A great work of art has the power to blow you over and to do it unexpectedly. You sit in the theater hoping for a little diversion, and a line of dialogue bwwhangs you like a skillet upside the head.
What hit me last Saturday afternoon was the line, "Instead of happiness, heaven sends us habit," which is sung by Madame Larina to her servant Filippyevna as they are peeling apples on a farm in Russia way back in the early 19th century. I am an American in headlong pursuit of happiness, and here was a lady expressing an older and earthier philosophy that my aunts would not have disagreed with: Better than happiness is acceptance, a gift of God. You wake up every morning and pull on your jeans and make coffee and look at the newspaper and pour bran flakes and milk in the bowl, and as time goes by you realize that this is preferable to what you once imagined would make you happy.
Madame Larina was quite pleased with the line and sang it several times. I put my hand on my wife's knee. She was sitting next to me in the dark. It was snowing in Minnesota, a gray, blustery Russian sort of day, and when we walked into the theater, a multiplex in the suburbs, we were in the mood to see Eugene Onegin live on high-definition TV from the Met, starring soprano Renee Fleming and baritone Dmitri Hvorostovsky.
It simply was the most moving thing I've seen at the movies in a very long time. Mr. Hvorostovsky is tall, cool, handsome and everything that Elvis was hoping to be, and Miss Fleming's bare left shoulder is more erotic than Madonna naked. She plays Tatiana, who goes crazy for Onegin and writes him a letter and agonizes over it and plucks at her bodice and finally sends it to him.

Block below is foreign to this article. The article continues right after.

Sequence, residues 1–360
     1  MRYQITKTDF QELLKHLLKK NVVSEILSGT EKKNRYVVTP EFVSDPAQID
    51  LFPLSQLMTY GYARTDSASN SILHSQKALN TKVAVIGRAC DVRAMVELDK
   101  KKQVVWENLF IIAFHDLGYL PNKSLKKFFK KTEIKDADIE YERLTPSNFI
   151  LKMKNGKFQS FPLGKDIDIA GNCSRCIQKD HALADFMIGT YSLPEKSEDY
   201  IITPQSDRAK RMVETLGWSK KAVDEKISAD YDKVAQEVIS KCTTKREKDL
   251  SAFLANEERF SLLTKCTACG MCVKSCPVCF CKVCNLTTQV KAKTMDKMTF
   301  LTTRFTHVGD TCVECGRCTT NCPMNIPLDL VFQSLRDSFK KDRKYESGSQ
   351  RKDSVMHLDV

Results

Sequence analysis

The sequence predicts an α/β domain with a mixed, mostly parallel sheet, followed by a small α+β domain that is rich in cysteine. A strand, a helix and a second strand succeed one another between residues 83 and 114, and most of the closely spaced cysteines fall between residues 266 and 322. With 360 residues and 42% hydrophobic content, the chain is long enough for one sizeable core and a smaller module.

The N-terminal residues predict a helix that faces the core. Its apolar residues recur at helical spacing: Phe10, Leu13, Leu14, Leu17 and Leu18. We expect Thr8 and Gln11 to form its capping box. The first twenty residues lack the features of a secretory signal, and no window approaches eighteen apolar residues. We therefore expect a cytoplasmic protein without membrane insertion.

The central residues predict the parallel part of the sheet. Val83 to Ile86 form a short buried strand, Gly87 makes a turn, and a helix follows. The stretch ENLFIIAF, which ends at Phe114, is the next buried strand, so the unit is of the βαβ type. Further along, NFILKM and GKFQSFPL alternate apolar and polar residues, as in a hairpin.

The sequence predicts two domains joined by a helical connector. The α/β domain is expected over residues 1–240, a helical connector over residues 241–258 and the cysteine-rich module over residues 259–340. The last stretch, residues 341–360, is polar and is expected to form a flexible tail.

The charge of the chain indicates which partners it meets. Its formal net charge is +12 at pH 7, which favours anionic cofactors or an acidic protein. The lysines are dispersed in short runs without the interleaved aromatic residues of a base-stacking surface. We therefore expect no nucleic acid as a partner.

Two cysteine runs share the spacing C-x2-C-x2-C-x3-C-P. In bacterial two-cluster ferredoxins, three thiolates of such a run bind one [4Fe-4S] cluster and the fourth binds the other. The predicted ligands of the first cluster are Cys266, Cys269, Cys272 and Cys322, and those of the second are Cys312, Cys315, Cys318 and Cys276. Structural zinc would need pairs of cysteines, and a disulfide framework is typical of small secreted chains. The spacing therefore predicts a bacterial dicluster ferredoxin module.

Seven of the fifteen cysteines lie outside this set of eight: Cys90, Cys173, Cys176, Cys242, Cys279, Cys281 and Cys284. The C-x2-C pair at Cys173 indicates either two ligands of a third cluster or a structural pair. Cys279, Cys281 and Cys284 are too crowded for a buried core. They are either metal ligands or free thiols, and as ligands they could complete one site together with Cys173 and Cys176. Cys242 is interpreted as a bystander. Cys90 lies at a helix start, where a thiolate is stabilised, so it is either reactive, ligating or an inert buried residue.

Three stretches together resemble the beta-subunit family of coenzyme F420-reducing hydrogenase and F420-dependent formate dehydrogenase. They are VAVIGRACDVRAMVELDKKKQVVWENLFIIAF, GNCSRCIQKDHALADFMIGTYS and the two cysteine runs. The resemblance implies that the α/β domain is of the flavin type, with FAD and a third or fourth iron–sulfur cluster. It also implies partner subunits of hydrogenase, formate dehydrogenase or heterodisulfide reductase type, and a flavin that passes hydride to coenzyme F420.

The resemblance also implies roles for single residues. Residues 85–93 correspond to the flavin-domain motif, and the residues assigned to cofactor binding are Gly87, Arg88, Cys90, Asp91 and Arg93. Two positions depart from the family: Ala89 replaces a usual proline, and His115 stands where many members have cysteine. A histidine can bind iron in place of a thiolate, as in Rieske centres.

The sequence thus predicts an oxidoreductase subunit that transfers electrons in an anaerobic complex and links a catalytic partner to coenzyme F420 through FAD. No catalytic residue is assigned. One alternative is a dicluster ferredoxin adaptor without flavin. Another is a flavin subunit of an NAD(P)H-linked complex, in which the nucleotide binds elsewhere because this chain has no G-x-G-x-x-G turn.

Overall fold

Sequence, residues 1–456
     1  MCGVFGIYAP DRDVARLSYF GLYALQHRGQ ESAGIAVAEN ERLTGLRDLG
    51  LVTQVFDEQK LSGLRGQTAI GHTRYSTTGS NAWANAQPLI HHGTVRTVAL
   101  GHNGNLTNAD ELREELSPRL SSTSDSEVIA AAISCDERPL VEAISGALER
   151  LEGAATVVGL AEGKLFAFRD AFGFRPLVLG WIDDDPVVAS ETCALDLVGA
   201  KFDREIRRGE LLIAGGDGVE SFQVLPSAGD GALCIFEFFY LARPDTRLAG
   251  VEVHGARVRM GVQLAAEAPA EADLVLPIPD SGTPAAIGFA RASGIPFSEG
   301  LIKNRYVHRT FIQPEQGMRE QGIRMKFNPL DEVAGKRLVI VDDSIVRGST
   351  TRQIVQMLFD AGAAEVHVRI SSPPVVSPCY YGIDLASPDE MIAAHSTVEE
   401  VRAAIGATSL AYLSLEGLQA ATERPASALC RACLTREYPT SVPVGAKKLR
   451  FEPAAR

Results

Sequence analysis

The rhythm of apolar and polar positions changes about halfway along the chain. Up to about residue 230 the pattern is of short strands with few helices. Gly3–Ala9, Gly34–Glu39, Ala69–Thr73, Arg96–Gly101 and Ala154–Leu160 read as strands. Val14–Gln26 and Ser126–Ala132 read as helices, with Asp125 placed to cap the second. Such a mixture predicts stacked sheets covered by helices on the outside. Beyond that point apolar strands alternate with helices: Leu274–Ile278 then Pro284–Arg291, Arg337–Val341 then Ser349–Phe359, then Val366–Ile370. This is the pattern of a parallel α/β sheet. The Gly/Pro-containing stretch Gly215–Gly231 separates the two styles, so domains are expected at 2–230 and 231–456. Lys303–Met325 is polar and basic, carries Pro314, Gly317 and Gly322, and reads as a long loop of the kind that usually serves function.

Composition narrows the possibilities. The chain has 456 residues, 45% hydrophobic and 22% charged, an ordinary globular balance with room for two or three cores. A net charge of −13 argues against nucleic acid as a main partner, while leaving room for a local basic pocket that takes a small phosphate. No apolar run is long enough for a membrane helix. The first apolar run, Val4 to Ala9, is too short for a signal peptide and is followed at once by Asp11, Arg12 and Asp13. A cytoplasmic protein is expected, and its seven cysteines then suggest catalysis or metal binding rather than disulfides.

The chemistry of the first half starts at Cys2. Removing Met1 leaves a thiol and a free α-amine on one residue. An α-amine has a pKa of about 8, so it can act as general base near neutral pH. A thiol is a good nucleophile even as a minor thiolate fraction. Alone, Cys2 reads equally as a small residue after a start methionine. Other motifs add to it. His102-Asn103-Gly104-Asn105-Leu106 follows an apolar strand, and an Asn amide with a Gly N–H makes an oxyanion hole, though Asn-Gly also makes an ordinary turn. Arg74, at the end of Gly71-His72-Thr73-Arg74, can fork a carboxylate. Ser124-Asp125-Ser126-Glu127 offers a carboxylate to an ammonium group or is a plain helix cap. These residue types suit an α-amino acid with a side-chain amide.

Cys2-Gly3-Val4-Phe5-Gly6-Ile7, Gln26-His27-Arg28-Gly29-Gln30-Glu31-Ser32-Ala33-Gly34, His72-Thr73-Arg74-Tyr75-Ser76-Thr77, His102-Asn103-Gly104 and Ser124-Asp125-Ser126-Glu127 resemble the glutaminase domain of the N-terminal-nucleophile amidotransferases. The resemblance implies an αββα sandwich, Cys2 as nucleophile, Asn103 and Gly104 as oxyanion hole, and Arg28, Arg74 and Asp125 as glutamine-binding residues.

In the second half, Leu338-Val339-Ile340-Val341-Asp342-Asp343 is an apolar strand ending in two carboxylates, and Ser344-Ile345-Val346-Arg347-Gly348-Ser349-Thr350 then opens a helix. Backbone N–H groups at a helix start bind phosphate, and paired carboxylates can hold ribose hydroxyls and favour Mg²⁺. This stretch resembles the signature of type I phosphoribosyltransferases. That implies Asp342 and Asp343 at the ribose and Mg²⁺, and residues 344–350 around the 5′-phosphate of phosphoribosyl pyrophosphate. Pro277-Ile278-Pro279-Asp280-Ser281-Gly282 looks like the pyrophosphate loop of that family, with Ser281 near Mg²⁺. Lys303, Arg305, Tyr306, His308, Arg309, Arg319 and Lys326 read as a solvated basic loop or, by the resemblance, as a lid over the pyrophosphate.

He coolly rejects her. He doesn't believe in marriage. He is in search of happiness, not the life of habit and dailiness. The chorus gets to sing and dance, and he shoots and kills the tenor, which I suppose we've all wanted to do now and then, and years later he meets her again - she is married, and now he is wild for her, and after a passionate duet, him on his knees, tugging at her, pleading, sobbing, pulling her down on the floor, she decides to be faithful to her husband and walks away, leaving him tortured with regret.
Eugene Onegin was another installment in the Metropolitan Opera's push to put its shows live in movie theaters via closed-circuit HDTV.
The telecast I saw was live, not "recorded live" but "live live," which made for some interesting moments. In Act I, the stage is covered with dry leaves, a stunning visual, though for several minutes, tenor Ramon Vargas had a leaf sitting atop his curly black hair. You wondered if it was a small bald spot, and then if it was Yom Kippur. At one point, somebody dropped a ring on stage and it rolled toward one of the microphones, sounding like a hubcap.
I'm not an opera critic, so I can't compare this Onegin to the 1948 Bolshoi production or comment on Miss Fleming's use of sprezzatura in the "Letter Aria," but I can say how joyful it is to see great artists take big chances on the big screen and rip loose from the moorings of cool and sing with red-blooded passion. When the old bass Sergei Aleksashkin sings about his love for his young wife, it brings tears to your eyes. It makes everyone in the theater feel enlarged.
Bravo to the Met. Bravissimo. For three hours on a Saturday afternoon, everything that had been on our minds faded to black and we lived as in a dream with a handsome man in search of happiness and a beautiful woman who found satisfaction, and then we walked out into the snow and started our cars.
Garrison Keillor's column appears Thursdays in The Sun. His e-mail is email@example.com.